the _Wizard of Oz_, Gay Deceiver becomes fully sentient and fully
conversant in the English language. She retains this ability through
all subsequent travels.
At this point would it be correct to refer to Gay Deceiver as a
Turing car?
Oh my - that was a bit Dodge-y, don't you think? :)
- Tony
I'm in Accord.
--
columbiaclosings.com
What's not in Columbia anymore..
Kevrob
2020-04-02 12:59:42 UTC
Permalink
Post by Ted Nolan <tednolan>
Post by t***@gmail.com
Post by p***@hotmail.com
In Robert Heinlein's novel _The Number of the Beast_, one of the
protagonists, Zachary Carter, has a car he has named Gay Deceiver.
It is a flying car that can carry four people. It has at least
sub-orbital capability on Earth and orbital capability on Mars.
It has a computer that can operate the vehicle autonomously in
all modes. The computer has voice recognition capability and is
surprisingly versatile in verbal interactions with the pilot and
other crew members.
Early in the book the "continua drive" invented by Dr. Jacob Burroughs
is installed in Gay Deceiver, and this gives the vehicle the ability to
travel instantaneously to any point in space and time in this and a very
large number of other universes. When they travel to the universe of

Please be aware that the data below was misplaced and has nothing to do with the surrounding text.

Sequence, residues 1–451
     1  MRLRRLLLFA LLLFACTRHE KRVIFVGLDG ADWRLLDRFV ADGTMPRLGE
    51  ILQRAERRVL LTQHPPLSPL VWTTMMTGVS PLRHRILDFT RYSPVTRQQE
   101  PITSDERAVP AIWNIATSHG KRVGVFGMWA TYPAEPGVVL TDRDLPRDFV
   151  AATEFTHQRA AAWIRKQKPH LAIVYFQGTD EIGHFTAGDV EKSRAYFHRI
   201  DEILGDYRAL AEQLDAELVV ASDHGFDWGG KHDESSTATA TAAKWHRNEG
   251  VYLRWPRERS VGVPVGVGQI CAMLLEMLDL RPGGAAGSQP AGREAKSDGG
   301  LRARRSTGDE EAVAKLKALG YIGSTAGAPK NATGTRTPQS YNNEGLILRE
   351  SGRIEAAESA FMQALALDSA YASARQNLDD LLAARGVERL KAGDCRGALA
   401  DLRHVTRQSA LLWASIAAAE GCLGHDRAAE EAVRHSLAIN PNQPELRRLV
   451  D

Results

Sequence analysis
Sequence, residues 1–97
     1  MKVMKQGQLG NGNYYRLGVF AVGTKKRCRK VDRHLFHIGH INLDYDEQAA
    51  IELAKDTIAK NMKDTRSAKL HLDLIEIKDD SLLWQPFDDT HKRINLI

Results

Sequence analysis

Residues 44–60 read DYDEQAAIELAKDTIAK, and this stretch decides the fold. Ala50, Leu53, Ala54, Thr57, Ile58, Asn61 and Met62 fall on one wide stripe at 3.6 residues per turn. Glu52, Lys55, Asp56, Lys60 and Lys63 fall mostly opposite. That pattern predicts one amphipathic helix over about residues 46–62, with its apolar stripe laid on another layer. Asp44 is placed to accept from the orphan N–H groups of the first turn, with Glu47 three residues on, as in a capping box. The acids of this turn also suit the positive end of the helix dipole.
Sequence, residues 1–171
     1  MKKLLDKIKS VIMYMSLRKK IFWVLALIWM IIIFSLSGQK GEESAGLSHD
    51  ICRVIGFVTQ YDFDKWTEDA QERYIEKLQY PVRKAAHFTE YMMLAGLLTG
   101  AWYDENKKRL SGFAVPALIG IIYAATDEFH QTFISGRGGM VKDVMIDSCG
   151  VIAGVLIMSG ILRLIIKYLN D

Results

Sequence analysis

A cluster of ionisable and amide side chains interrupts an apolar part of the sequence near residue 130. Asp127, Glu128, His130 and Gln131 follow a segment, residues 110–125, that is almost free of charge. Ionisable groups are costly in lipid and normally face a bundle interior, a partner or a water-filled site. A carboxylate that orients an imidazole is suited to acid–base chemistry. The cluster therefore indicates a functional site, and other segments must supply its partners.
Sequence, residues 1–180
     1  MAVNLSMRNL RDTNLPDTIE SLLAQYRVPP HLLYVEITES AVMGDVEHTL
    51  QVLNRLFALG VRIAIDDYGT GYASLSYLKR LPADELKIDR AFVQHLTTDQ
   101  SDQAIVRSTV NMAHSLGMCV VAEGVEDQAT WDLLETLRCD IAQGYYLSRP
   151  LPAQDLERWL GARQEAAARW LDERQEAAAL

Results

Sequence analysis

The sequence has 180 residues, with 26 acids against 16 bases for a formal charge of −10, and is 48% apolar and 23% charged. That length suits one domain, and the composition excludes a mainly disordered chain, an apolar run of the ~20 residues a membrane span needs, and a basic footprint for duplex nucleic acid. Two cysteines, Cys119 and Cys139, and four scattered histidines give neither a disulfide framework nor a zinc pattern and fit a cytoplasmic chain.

the _Wizard of Oz_, Gay Deceiver becomes fully sentient and fully
conversant in the English language. She retains this ability through
all subsequent travels.
At this point would it be correct to refer to Gay Deceiver as a
Turing car?
Oh my - that was a bit Dodge-y, don't you think? :)
- Tony
I'm in Accord.
GD must have come with all the options,
because you want your ride Turing, complete!

Kevin R
Alan Baker
2020-04-02 17:21:00 UTC
Permalink
Post by p***@hotmail.com
In Robert Heinlein's novel _The Number of the Beast_, one of the
protagonists, Zachary Carter, has a car he has named Gay Deceiver.
It is a flying car that can carry four people. It has at least
sub-orbital capability on Earth and orbital capability on Mars.
It has a computer that can operate the vehicle autonomously in
all modes. The computer has voice recognition capability and is
surprisingly versatile in verbal interactions with the pilot and
other crew members.
Early in the book the "continua drive" invented by Dr. Jacob Burroughs
is installed in Gay Deceiver, and this gives the vehicle the ability to
travel instantaneously to any point in space and time in this and a very
large number of other universes. When they travel to the universe of
the _Wizard of Oz_, Gay Deceiver becomes fully sentient and fully
conversant in the English language. She retains this ability through
all subsequent travels.
At this point would it be correct to refer to Gay Deceiver as a
Turing car?
When Dante wrote "Inferno"...

...there was one circle he neglected to mention:

The one for punsters.

But I know someone who will love it.

;-)
Alan Baker
2020-04-02 17:21:56 UTC
Permalink
Post by p***@hotmail.com